Ghaoth Dob­hair kings in Ul­ster

Keith Dug­gan:

The Irish Times - Monday - Sport - - Front Page - Keith Dug­gan at Healy Park, Omagh

They’ll re­mem­ber this as the day they won it twice. The cur­tain fell on the Ul­ster foot­ball season with an elec­tri­fy­ing game on a soak­ing wet day in Omagh and the com­ple­tion of Gaoth Dob­hair’s march from a long pe­riod in ob­scu­rity.

The Done­gal cham­pi­ons won their first Ul­ster ti­tle deep into the sec­ond pe­riod of extra-time, when Shane Ferry moved onto a quick and smartly taken free by Ea­monn McGee to edge them into the lead with the light fad­ing and play­ers ex­hausted across the field.

For Gaoth Dob­hair sup­port­ers in the crowd of 5,313, the last whis­tle made up for those con­tro­ver­sial few sec­onds on the cusp of or­di­nary time when Michael Car­roll struck what looked to be a beau­ti­ful, cham­pi­onship-win­ning point but ref­eree Noel Mooney had whis­tled Odhrán McFad­den- Ferry for a throw ball as he set Car­roll up.

It was a huge mo­ment in a rivet­ing match played in treach­er­ous con­di­tions: Kevin Cas­sidy the voice of rea­son as the Gaoth Dob­hair men protested while Scot­stown were just glad to still be in the com­pe­ti­tion. But it was also the cor­rect call and a hugely coura­geous de­ci­sion by the of­fi­cial.

“It was frus­trat­ing,” said Ea­monn McGee later. “It was a bit edgy in the dress­ing room, eff­ing each other out of it, which never hap­pened through the year. And I was just think­ing: this is a dan­ger­ous spot. So we just calmed down and re­grouped.”

Sheets of De­cem­ber rain made ev­ery pos­ses­sion a gam­ble and bat­tle for the play­ers of both sides in a match that was un­der­stand­ably un­tidy but packed with pas­sages of ter­rific play.

Both sides had their home­work done. Damien McAr­dle picked up Odhrán Mac Nial­lais and stood close to the Gaoth Dob­hair play­maker from the first minute, push­ing him away from that lethal left foot and lim­it­ing his op­por­tu­ni­ties to be­come in­volved in open play.

Rory Beg­gan spent long pe­ri­ods of the game on the Scot­stown 50 me­tre line, ush­er­ing his team-mates for­ward with the jaunty stroll of a farmer driv­ing cat­tle on a rainy Sun­day. The teams cov­eted pos­ses­sion and at­tacked in brief, pierc­ing bursts.

The scores were in­fre­quent but of very high qual­ity, with Shane Carey find­ing the space three in­valu­able scores from play while Darren and Kieran Hughes drove Scot­stown for­ward all af­ter­noon.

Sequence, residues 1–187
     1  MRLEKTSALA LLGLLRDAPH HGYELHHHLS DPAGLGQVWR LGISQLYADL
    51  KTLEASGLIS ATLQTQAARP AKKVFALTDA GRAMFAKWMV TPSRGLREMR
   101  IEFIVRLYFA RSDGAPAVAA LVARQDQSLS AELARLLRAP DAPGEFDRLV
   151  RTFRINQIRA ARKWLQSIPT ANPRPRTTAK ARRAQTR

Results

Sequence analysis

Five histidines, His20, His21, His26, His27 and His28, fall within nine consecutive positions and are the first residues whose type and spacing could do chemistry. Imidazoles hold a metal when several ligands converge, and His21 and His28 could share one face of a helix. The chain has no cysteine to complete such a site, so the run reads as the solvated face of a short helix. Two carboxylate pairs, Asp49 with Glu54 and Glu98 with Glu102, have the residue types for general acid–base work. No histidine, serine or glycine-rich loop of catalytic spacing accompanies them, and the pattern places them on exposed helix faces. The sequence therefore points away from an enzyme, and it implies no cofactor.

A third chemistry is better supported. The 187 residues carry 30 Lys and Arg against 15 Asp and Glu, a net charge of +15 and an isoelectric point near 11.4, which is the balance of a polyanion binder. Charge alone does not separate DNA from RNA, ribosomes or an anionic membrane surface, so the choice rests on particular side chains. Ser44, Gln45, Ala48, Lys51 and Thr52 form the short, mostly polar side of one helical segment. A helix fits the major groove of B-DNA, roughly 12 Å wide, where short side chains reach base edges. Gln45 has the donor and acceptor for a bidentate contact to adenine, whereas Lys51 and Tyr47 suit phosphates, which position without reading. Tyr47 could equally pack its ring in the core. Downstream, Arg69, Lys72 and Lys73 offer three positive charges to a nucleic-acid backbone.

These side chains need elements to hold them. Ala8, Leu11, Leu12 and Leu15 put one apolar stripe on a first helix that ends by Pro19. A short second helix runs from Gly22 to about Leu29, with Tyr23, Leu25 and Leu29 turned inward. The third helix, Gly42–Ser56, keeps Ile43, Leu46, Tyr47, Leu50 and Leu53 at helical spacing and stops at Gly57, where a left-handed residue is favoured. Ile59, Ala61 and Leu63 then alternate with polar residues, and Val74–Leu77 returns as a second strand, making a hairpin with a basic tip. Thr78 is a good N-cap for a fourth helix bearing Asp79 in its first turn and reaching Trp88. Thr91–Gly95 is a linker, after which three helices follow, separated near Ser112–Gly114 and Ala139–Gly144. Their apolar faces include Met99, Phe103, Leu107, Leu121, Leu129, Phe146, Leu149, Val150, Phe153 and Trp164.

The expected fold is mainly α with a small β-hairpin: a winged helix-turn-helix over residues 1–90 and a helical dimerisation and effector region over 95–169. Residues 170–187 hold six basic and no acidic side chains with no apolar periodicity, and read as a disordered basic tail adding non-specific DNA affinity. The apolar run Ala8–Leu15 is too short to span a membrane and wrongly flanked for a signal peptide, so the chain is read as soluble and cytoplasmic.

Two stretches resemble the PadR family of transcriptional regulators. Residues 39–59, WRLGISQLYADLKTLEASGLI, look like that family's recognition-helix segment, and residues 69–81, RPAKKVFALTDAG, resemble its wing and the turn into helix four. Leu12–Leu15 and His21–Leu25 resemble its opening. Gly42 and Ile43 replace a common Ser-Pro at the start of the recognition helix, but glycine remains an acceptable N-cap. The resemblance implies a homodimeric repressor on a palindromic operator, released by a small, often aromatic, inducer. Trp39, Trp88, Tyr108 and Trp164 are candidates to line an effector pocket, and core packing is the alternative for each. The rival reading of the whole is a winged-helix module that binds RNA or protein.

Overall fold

The wide open chan­nels which the Done­gal cham­pi­ons cre­ated against Cross­ma­glen were nowhere to be found here but they con­cocted half a goal chance when Cas­sidy, brim­ming with men­ace at full for­ward, got a touch on Ea­monn Col­lum’s at­tempted point, lead­ing to a fran­tic goal­mouth scram­ble.

Daire Ó ’Baoill was there to fol­low up but slipped in the muddy goal­mouth as he tried to con­nect first time. Sec­onds later, Darren Hughes had pointed at the other end.


The duel be­tween Donal Mor­gan and Cas­sidy was one of the high­lights of the day: Mor­gan made a bril­liant block on the Done­gal vet­eran in the last minute of nor­mal time but Cas­sidy’s han­dling and ball move­ment was su­perb as this fi­nal deep­ened into a game of roulette in which ev­ery dis­pos­ses­sion and mis­take seemed ru­inous.

“It took a bit of balls: they didn’t play a sweeper even though Cass’ had been talked about all through the cham­pi­onship,” noted McGee.

Gaoth Dob­hair’s younger cast of Odhrán McFad­den-Ferry, Neil Friel and Naoise Ó Baoill form the heart of the team’s fluid run­ning game.

“We just piggy backed on them,” McGee said of the U-21 brigade’s in­flu­ence this year.

But af­ter Scot­stown had opened up a 0-8 to 0-5 points lead 10 min­utes af­ter half-time, Mac Nial­lais grad­u­ally be­gan to shake off McAr­dle’s at­ten­tions, be­com­ing in­volved in the play and strik­ing the point – one of those lan­guid left footed shots of his on the run – which fi­nally re­stored them to par­ity at 0-11 with two min­utes re­main­ing.

That score felt like a mo­men­tum shifter, even as those two min­utes be­came a mad­cap se­ries of bril­liant cov­er­ing tack­les, spilled passes, a late, long free from Beg­gan which fell short and fi­nally that throw-ball call which brought the match into added time.

The dis­missal of Shane Carey for a high tackle on James Ó Baoill – clumsy rather than ma­li­cious – gave the Done­gal men a crit­i­cal edge. No­tably, the points that gave them their first lead since the 21st minute came from two of their young sub­sti­tutes, Ó Baoill and Ferry.

It was a gru­elling place for Scot­stown to find them­selves: 70 min­utes on a ter­ri­bly heavy pitch, Carey no longer a scor­ing op­tion and Gwee­dore or­gan­ised and clos­ing down, mind­ful of not cough­ing up any more free op­por­tu­ni­ties for that rak­ing boot of Beg­gan. They fell just short.

Gaoth Dob­hair are set for a fas­ci­nat­ing game with All-Ire­land club cham­pi­ons Co­rofin as their long, splen­did season goes on.


Gaoth Dob­hair’s Kevin Cas­sidy is tack­led by Scot­stown’s Em­met Caulfield dur­ing the Ul­ster club fi­nal at Healy Park yes­ter­day.■

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